Merciless India bat England into oblivion in third Test

Chief tormentor Virat Kohli puts India on course to reduce series arrears to 2-1

India’s Virat Kohli celebrates his century. Photograph: Paul Childs/Action Images via Reuters

India’s Virat Kohli celebrates his century. Photograph: Paul Childs/Action Images via Reuters

 

England’s plight predictably worsened on day three at Trent Bridge as Virat Kohli applied a merciless slow grind in the third Specsavers Test.

Kohli (103) was entirely unhurried over his 23rd Test century as he and Cheteshwar Pujara (72) batted the hosts into apparent oblivion.

The India captain fell three short of three figures in the first innings – but with a little timely good fortune, he got the job done at the second attempt as the tourists piled up 352 for seven declared to leave England a highly improbable mission to set a new world record run chase.

Alastair Cook and Keaton Jennings at least held their nerve to reach 23 without loss in nine overs of discomfort under lights up to stumps, in notional pursuit of 521 to win.

That is 103 more than any team in history has made for Test victory, though, and India are bang on course to reduce their series arrears to 2-1.

England had made their own trouble the previous day, of course, when they lost all 10 wickets in a remarkable afternoon collapse.

On the resumption, with India already 124 for two, they duly reaped what they had sown as Kohli engaged with zero urgency but characteristic determination on his own long-term brief to compound England’s problems.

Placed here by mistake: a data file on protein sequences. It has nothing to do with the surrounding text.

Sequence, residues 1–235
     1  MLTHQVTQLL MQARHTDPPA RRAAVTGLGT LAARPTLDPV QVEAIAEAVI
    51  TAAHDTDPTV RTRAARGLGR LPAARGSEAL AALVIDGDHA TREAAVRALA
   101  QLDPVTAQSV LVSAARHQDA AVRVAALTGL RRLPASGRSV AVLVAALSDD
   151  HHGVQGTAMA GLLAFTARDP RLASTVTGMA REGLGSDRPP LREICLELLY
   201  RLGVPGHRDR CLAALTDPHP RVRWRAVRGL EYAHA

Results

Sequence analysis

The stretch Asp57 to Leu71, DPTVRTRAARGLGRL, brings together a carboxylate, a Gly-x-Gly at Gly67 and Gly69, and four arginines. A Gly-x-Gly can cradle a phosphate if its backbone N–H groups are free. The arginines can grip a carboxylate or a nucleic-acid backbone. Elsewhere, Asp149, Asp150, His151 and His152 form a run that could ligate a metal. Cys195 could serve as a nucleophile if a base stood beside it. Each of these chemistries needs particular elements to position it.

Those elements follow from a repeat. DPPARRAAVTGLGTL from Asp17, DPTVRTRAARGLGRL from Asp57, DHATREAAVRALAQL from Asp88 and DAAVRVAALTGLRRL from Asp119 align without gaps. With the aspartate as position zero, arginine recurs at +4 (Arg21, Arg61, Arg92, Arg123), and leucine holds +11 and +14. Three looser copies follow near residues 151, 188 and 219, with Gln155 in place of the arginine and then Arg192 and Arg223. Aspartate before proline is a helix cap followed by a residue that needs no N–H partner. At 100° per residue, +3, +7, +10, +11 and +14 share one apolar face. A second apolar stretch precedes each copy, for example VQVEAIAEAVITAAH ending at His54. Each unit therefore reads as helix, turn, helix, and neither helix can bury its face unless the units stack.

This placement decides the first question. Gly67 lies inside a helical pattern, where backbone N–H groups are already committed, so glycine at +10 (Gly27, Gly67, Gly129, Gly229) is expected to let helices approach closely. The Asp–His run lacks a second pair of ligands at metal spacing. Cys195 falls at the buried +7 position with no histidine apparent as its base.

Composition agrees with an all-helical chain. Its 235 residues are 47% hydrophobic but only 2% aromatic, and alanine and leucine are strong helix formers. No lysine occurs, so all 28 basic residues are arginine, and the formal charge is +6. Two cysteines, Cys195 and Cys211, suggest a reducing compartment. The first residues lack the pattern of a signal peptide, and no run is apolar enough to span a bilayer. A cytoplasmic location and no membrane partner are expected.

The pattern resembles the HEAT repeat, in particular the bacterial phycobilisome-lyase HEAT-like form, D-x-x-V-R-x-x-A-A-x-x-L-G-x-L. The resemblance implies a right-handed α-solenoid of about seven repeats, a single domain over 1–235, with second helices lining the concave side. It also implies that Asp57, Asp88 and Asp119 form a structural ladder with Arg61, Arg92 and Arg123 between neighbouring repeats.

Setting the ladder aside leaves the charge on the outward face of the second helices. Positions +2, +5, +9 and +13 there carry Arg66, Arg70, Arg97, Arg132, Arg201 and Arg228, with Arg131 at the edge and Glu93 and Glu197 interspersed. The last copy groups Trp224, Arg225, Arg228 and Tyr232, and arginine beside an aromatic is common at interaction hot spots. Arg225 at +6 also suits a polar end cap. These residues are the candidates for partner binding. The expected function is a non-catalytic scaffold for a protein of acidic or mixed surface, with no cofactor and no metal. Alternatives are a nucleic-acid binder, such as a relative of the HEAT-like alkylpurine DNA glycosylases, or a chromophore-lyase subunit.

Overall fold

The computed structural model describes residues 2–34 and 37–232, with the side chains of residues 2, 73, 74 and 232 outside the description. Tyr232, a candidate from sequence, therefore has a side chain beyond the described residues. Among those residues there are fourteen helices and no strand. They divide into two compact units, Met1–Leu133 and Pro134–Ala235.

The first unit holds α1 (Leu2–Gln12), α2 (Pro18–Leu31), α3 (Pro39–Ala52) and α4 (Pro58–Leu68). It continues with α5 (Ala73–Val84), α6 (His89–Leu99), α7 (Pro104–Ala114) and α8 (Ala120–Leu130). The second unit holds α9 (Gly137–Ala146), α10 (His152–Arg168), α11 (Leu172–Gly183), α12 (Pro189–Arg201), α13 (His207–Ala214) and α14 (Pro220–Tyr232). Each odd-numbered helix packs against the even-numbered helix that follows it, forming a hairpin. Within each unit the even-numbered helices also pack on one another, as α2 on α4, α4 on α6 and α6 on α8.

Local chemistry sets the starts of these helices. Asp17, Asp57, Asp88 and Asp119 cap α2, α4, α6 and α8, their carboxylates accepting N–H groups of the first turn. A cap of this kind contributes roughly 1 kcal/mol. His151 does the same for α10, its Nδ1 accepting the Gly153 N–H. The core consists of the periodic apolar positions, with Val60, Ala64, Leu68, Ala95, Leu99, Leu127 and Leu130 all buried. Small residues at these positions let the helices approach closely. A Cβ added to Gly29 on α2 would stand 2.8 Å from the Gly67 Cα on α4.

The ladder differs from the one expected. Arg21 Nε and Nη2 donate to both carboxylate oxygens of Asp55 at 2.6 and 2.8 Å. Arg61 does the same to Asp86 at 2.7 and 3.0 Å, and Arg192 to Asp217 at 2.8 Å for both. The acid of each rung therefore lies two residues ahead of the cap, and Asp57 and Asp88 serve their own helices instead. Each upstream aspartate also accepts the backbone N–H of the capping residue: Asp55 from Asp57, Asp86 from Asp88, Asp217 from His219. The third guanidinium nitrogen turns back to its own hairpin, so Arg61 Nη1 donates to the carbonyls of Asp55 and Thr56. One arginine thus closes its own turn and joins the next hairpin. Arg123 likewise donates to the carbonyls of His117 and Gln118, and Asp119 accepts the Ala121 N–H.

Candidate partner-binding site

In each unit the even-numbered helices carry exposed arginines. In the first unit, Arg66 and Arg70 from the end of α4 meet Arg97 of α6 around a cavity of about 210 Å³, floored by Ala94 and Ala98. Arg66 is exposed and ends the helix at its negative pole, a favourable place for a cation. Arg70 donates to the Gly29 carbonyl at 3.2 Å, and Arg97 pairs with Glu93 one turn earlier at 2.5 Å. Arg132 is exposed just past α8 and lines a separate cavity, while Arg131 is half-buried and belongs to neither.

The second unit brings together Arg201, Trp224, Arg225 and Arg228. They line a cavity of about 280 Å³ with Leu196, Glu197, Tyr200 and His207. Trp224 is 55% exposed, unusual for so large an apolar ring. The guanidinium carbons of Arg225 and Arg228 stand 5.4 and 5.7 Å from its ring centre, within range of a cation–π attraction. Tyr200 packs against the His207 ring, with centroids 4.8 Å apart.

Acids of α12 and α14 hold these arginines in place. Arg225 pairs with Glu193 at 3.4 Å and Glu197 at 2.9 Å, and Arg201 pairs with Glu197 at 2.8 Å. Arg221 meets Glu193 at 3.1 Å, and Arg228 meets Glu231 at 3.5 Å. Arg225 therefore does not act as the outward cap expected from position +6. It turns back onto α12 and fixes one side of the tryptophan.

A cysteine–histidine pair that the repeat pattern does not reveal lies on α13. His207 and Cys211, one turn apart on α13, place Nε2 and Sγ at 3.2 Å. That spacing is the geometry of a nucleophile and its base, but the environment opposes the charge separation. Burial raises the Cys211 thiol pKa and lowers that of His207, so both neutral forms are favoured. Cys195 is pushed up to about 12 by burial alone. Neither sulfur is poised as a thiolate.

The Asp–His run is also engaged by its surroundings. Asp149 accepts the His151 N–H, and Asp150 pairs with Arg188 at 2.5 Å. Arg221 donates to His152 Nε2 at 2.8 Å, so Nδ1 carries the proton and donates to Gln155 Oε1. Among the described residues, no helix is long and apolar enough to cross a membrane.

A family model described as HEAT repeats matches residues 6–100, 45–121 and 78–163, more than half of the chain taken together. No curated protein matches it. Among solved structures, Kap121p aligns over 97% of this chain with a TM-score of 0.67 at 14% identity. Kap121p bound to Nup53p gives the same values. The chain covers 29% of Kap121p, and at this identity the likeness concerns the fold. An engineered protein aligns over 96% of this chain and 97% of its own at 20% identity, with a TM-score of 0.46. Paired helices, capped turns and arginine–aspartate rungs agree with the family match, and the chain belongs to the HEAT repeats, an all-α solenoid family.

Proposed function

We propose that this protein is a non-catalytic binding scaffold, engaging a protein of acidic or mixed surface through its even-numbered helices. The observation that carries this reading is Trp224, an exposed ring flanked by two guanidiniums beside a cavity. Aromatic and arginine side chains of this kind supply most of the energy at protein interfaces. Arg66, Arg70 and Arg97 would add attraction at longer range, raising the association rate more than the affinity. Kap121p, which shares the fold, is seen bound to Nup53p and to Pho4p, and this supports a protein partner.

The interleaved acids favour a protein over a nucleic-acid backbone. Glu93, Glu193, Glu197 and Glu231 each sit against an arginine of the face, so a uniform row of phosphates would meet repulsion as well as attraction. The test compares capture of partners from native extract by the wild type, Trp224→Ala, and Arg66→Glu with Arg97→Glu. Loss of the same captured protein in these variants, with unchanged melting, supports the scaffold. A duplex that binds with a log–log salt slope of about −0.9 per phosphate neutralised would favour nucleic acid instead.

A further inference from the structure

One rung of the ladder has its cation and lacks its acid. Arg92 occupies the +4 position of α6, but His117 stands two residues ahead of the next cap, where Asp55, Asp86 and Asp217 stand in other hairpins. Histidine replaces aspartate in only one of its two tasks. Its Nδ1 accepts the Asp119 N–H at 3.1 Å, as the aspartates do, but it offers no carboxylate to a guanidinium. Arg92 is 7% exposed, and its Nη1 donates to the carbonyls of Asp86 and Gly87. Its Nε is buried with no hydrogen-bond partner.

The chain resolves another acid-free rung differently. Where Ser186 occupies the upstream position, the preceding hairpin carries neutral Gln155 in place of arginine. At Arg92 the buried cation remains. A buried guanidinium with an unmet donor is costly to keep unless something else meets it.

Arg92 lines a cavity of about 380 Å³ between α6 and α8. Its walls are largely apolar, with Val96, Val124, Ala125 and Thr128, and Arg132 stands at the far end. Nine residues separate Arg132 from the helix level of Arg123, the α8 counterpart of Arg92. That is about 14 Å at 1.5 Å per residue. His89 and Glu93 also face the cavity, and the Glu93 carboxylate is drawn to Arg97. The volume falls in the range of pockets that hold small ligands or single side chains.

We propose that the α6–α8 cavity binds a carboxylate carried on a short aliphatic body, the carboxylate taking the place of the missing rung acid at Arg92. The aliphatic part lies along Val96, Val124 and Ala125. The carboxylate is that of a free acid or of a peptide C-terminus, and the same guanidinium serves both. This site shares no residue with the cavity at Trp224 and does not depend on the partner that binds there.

He did so first in a century stand with back-to-form Pujara, who had the perfect opportunity to bat time too – and duly shut England out for 208 balls before he was caught at slip as Ben Stokes found extra bounce.

By then, for good measure, England had also lost the services of their wicketkeeper Jonny Bairstow, who suffered a “small fracture” to his left middle finger when he failed to take a delivery from James Anderson cleanly, and was therefore replaced behind the stumps by Jos Buttler.

The consolation was that England hope Bairstow will be able to bat when he is inevitably badly needed at some point over the final two days.

Gleeful tormentor

It was tempting to perceive a certain glee in the torment Kohli was exacting – all the more so when his century arrived, with a steer past gully off Chris Woakes for his 10th four from 191 balls.

Shortly beforehand, as if to confirm England were shredded by their miserable experience, Jennings let a straightforward gully chance slip through his fingers as Kohli moved from 93 to 97 with a thick edge on a drive at Anderson.

Kohli’s century celebration was predictably wholehearted, but he stayed little longer before Woakes had him LBW – a departure delayed but never likely to be postponed by a DRS procedure which demonstrated umpire’s call impact with an extremity of leg stump.

Rishabh Pant swiftly followed, edging the tireless Anderson for Cook’s second slip catch of the innings.

But Ajinkya Rahane, who had sat in alongside Kohli in what became a painstaking 29 from 94 balls, and the more adventurous Hardik Pandya (52no) continued remorselessly.

The only question was whether Kohli would declare to put England’s wearied batsmen under the microscope, or toy a little longer over the end game.

Even after Adil Rashid bowled Rahane with a googly, he did not cut to the chase until Pandya had brought the 500 lead up with a straight six off the leg-spinner on his way to a run-a-ball 50 to add to his five-wicket haul.

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